What must have the 5.8 Winsor felt like in ‘69?
The Mustang is a sportscar, but getting in and out of it is a breeze. The doors feel tough but not overly solid, and then, when I finally lower myself into the driver’s seat and slide my leg under the big steering wheel, I’m amazed to find there’s plenty of space, though the older cars were always more compact. The dash is a bit different from the one used in the film, but to my eyes the polished metal slabs and detailing here are just stunning. The sense of occasion is just massive. The two-tone silver-and-black theme just works for me. And those hooded instruments just look mad.
New ‘Coyote’ engine has the World War II bomber rumble, but also revs to 7,000; effortless, instant torque and searing pace.
I’m paying so much attention to the insides, I fall back from the other two cars and get lost. Time to grab the cue ball-like gear lever, go down a gear and play some catch-up. The clutch travel is super long, the ‘68 is as quick to steer as the Titanic, and you don’t so much as drive it with your wrists as with your elbows (and knees), but when I put my foot down, the ‘Bullit’ makes a wonderful noise. And I soon begin to catch up. Performance is, however, more measured than manic. The engine revs nicely for a motor of this vintage and is tuned sweetly, but that big chest-thumping, grizzly-like ferocity is missing. And that’s because under the hood there’s only a 3.3-litre (only!) straight-six and not a V8. Owner Manvendra Singh of Barwani says he’s torn between keeping his car ‘original’ and shoehorning a proper V8 under its hood. He has a couple of options – the 390-cube V8 could put out around 325hp and run the 1/4 mile in 13sec. And then there is another even crazier option – the even more powerful 428cu.in. Cobra Jet motor.
Thirsting for some V8 ‘action’, I go from the‘68 to the ‘69. The Mach 1 belongs to Manvendra’s son Siddhraj. Under the shaker scoop of the positively lethal-looking Mach 1 is a 5.8-litre V8 that churns out so much power and torque when it’s barely turning over, even a gentle tap on the throttle feels like a locomotive has just nudged me in the rear and taken over responsibility for propulsion. This four-barrel carbed M-code Windsor V8 puts out a crazy 522Nm of twist at just 3,200rpm. That’s not too far off from the 540Nm of torque put out by a Lamborghini Huracan. Of course, American power and torque figures were a bit optimistic, but I think you get the idea. And the 290hp isn’t insubstantial either. What dominates the driving experience, however, is the dam-busting flood of torque that comes in every time you flex the throttle. It just pulls and pulls with what seems like infinite power. And then there’s the unstoppable momentum, is so strong it just keeps going; it feels like the Mach 1 is as heavy as a house.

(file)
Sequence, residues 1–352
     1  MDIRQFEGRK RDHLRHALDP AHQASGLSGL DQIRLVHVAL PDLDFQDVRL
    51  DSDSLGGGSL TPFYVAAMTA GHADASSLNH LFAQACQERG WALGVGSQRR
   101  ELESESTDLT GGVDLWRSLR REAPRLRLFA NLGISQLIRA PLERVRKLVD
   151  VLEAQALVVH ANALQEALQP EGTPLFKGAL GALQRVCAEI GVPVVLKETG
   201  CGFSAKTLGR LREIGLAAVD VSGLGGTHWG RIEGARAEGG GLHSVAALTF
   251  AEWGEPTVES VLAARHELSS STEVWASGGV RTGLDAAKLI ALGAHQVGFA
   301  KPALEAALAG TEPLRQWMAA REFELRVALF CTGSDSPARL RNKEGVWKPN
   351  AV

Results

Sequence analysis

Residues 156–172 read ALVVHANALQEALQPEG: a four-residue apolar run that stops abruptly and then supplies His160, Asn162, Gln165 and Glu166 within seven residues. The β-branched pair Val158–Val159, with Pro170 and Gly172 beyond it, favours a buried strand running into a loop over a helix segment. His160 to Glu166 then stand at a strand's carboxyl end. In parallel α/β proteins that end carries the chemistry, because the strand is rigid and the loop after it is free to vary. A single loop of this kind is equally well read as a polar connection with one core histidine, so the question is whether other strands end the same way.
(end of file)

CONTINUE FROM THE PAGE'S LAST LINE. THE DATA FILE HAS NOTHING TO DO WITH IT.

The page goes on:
Hollywood mythology makes it from reel to real world.
Now this car is no spring chicken, and driving it is an upper-body workout and an exercise in hand-eye co-ordination, but cut loose all that power and even this old girl feels light on its feet. I also like the low-slung stance and the fact that it steers a bit faster than the ‘68. And yeah, the brakes actually feel like they work; at least a bit. What’s central to the driving experience, however, is that Ford V8. Imagine if Ford hadn’t started the V8 craze with the flathead in the Deuce (1932).